It often feels like sludge vocalists are attempting to do just that, which is precisely why this genre will also be inaccessible for the most part, especially to newcomers who haven’t found underground metal through metalcore, or any core based genre. The Death of Her Money even tend to vary the vocals, with songs such as ‘Newport Scars’, which appears to be a very personal song about negative matters, uses variation to sombre affect. The title for this record would suggest that it’s a personal affair, with the bands members displaying their thoughts and feelings on a subject close to each of their hearts. Whilst I admire this approach, it doesn’t seem to have much of a place within sludge, or even post-hardcore since both genres adopt a mentality that rues the day whenever sadness takes over. Typically, this style of sludge is generally rife with overflowing anger and hatred that spills out and on to the listener like something from the movie ‘Ringu’, with the vocalists voice carrying his or her emotions off the page and into the bloodstream of the audiences members who’re totally in awe of the ability to make them feel as if they’re the individuals behind the conceptual music. The vocals switch from lessened shouts to flowing hums that situate themselves alongside the cleaner aspects of the instrumentation well, like the stiff bass section that usually doesn’t let up from the devastatingly ominous ground work it implements into the music. Not for the first time however, the best and most daring elements are the subtle ones that speak volumes to the listener.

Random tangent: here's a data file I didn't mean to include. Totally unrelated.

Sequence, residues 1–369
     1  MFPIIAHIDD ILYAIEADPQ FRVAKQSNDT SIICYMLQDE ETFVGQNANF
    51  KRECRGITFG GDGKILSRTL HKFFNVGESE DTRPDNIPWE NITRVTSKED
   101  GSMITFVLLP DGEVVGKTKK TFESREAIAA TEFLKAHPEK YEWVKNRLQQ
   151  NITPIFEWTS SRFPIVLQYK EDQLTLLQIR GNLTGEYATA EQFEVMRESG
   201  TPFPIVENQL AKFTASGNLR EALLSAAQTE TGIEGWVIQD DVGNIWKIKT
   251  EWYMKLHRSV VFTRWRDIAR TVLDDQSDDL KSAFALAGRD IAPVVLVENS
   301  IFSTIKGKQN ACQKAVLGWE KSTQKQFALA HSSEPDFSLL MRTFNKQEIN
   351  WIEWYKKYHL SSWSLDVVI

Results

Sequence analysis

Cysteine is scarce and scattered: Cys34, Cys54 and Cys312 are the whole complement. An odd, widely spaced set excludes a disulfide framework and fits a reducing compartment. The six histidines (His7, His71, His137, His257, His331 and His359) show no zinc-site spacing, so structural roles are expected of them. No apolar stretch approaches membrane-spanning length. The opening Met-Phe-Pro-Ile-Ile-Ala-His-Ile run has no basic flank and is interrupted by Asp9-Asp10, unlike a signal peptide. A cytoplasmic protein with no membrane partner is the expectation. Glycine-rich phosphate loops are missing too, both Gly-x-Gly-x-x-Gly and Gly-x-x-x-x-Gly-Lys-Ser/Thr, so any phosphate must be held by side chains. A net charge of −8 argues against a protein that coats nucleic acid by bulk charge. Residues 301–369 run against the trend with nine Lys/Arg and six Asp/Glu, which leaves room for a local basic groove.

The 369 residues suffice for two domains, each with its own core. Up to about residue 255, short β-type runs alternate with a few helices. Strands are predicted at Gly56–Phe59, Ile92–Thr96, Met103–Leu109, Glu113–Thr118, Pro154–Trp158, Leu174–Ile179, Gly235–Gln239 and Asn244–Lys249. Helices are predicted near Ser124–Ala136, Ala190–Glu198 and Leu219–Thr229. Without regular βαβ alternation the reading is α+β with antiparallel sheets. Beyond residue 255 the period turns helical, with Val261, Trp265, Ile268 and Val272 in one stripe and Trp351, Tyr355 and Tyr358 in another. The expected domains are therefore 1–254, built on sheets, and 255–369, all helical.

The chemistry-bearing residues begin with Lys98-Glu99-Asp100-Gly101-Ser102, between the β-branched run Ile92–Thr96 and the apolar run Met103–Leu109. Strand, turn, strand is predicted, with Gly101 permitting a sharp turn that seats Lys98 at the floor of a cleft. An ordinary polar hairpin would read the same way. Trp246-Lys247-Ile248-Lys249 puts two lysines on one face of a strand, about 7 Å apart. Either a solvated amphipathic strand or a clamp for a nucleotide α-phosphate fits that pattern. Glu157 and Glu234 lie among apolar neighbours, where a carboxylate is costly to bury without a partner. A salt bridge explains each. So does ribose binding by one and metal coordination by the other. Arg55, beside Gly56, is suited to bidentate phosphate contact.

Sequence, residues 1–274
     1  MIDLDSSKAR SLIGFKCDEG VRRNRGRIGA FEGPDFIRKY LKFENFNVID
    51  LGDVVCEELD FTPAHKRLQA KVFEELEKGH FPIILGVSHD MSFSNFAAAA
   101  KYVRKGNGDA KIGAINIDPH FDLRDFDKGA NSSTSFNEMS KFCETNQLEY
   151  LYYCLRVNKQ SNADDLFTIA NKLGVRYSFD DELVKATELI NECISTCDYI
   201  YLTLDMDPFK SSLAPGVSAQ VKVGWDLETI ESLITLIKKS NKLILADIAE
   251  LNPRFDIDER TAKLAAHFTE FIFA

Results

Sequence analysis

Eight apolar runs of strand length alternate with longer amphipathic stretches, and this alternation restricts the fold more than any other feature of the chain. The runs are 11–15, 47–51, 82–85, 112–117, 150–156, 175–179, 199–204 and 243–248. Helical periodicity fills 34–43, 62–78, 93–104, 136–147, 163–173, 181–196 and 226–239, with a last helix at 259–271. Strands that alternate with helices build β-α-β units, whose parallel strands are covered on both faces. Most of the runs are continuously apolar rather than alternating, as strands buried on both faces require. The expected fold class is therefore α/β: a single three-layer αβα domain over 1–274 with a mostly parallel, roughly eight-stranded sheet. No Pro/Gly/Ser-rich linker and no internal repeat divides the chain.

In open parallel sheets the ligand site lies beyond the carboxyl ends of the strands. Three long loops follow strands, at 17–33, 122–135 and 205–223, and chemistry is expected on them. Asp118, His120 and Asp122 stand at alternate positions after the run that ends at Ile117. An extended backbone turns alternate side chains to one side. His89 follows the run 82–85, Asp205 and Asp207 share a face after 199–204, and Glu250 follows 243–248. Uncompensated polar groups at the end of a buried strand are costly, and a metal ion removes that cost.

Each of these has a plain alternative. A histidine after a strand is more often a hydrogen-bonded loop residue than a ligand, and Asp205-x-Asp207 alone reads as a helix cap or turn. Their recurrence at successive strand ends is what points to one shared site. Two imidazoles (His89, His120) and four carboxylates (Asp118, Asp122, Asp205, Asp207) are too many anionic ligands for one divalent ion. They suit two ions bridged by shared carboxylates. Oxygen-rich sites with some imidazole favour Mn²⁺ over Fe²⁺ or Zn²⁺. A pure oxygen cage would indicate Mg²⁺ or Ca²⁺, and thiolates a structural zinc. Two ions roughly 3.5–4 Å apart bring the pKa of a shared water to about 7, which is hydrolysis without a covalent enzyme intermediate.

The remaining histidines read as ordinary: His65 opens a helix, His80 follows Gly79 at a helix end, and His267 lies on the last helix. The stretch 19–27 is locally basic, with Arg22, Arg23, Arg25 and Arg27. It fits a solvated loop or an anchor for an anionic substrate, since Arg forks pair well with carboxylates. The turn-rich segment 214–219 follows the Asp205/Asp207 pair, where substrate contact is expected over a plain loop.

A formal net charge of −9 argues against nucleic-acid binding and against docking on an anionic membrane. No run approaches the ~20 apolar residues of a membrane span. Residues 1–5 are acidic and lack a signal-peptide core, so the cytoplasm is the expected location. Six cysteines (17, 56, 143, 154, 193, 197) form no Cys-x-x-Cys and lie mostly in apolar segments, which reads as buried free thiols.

The expressive parts, which includes the oddly displayed vocals (sometimes they sound too low and overpowered by the guitars -- they’re also Neurosis inspired on occasions, which is nice to see, ‘Falling Painting’ is a good example of that, though they do eventually transform into much better and cleaner vocals) and the harsh guitar work, are usually the less likeable parts. Even the bass is a bit too harsh for my liking. It situates itself between the guitars and the vocals and levels things out with its own sledgehammer affect, beating the listener with tones so angry that they seem fit to burst. ‘Falling Painting’ is one of my favoured songs on the record. It has a black metal sound to it, surprisingly enough. The whirlwind affect, as I like to call it, of the guitars with the repetitive themes can be likened to what black metal bands do with their guitar segments. Repeat, repeat and repeat with lots of distortion. This song does, like the rest of the songs, contain a supplemented amount of experimentation. This experimentation is fed through a tube into the soundscapes so that it doesn’t get ahead of itself, or ruin the image of the band. The experimentation takes place in all areas but is best when The Death of Her Money use the guitars to symbolise the themes with cleaner guitars and lush settings. I was surprised to read that this is a Welsh band. Not that the Welsh are incapable of producing good bands, but just because this scene doesn’t have the illustrious history with sludge that nations like North America has. They’re a very good one at that, despite all their faults (which usually strike me as charming, in a manner that makes me like them). A very good debut.